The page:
The Quebec Rum Club was launched some five years ago with a bunch of friends without any other intention other than discussing all things rum and educating fans around Quebec. Without even knowing it, we had just created the first Rum Club in Canada and have now become the largest rum platform in Canada with over 10000 people reached. This led us to meet some of the most prolific rum distillers and blenders.
One of these unforgettable encounters was with Alexandre Gabriel, founder and owner of the Plantation Rum Brand. Rum is now one of the biggest selling spirits in the world and this is largely the case because of Plantation Rum.
Alexandre was already running Cognac Ferrand and was selling his used Cognac barrels to some of the most well-known rum distilleries around the world. After a few successful aging tests with purchased rum from these distilleries in their own Cognac casks, he saw an opportunity and launched Plantation Rum in 1989 at Chateau Bonbonnet in Cognac – France. 30 years later; you can’t enter a bar without seeing a bottle of Plantation on the shelves and this is not the result of luck. I had the chance to meet Alexandre a few times, the guy is relentless and his passion undeniable. He is passionate about history and hired a historian at the chateau who digs into books and registers to learn everything they can about spirits; this is by far one of the most knowledgeable person I’ve met. Ask him one question and the answer can go on for hours and lead you to unthinkable territories.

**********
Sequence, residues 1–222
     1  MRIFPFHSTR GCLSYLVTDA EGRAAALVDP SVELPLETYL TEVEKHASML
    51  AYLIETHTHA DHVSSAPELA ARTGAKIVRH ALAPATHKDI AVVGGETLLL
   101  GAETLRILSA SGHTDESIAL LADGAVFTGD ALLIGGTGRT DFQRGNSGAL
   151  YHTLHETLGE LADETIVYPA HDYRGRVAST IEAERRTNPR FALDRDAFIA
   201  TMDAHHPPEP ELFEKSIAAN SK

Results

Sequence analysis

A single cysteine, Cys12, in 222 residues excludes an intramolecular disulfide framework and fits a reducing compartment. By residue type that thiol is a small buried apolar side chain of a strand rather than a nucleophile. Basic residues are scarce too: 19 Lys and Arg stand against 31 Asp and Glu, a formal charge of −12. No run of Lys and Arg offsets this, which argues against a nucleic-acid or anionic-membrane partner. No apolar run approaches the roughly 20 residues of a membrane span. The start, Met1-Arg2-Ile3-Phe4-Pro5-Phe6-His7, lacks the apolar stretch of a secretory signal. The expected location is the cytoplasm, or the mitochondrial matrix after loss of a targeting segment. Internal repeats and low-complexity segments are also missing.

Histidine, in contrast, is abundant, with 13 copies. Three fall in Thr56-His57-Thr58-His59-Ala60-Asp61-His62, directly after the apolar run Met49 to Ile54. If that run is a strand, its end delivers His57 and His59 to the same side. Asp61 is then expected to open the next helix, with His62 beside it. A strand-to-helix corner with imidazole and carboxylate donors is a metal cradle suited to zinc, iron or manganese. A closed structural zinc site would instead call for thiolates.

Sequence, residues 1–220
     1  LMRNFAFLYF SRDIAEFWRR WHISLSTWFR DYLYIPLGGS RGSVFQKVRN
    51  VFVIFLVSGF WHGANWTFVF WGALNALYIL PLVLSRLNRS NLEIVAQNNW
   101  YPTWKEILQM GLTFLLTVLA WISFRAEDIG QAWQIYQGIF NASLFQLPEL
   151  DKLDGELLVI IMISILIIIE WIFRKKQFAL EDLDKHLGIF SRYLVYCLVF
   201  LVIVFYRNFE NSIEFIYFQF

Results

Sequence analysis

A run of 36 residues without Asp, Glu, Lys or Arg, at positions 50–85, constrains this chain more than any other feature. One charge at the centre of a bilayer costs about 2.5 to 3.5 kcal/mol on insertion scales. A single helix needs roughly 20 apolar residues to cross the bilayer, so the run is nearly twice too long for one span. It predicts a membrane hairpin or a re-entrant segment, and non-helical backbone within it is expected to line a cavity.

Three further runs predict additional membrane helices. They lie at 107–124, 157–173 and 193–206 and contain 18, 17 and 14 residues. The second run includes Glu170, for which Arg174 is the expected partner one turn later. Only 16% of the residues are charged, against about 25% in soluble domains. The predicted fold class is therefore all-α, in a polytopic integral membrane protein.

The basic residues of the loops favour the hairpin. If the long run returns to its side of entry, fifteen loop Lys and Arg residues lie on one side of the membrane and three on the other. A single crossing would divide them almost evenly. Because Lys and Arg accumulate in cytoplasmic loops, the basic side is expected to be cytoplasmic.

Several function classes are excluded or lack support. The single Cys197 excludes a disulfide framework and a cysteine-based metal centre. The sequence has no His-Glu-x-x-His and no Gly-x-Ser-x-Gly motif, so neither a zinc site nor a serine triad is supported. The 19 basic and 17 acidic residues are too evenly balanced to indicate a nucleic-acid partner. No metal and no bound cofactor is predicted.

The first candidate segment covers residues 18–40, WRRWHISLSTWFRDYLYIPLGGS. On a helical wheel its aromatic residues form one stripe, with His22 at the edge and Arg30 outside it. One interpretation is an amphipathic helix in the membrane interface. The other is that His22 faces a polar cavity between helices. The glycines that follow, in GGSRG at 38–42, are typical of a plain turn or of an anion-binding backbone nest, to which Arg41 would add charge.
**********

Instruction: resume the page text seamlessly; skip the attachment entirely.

Plantation doesn’t make rum (even though they now own West Indies and Long Pond), they buy tropical aged rums around the world and bring them back to Cognac to finish them in their own European and/or exotic casks. A tropical aging is what is also called fast aging, because of hotter weather than in Europe, alcohol and wood expand during the day and retract during the night which allows the spirit to interact differently with the wood than with continental aging. This is what makes Plantation Rums so good; it’s this balance you get from tropical aging in bourbon casks (vanilla and toffee flavors) and continental aging in European casks (fruits and nuts flavors).
We were fortunate enough to spend a few days at the Chateau with my colleagues from Quebec Rhum to visit the whole Ferrand/Plantation domain and had a blast roaming through the countless barrels of rum. We tasted some of the most balanced aging rums, some of the first casks they still had from 1989, very high ester rums they use for blending and even a 50 year old Cognac from 1936. What struck me when I got there is the friendly atmosphere; the whole team makes you feel part of the family and in the morning everyone gathers around a huge table in the kitchen for breakfast.
Last time I saw him, we were at a restaurant in Cognac talking about Solera aging (I firmly believe Solera aging is booed for the wrong reasons) and he told me that he would try it… I wonder if there is some Solera aging going on at Chateau Bonbonnet right now?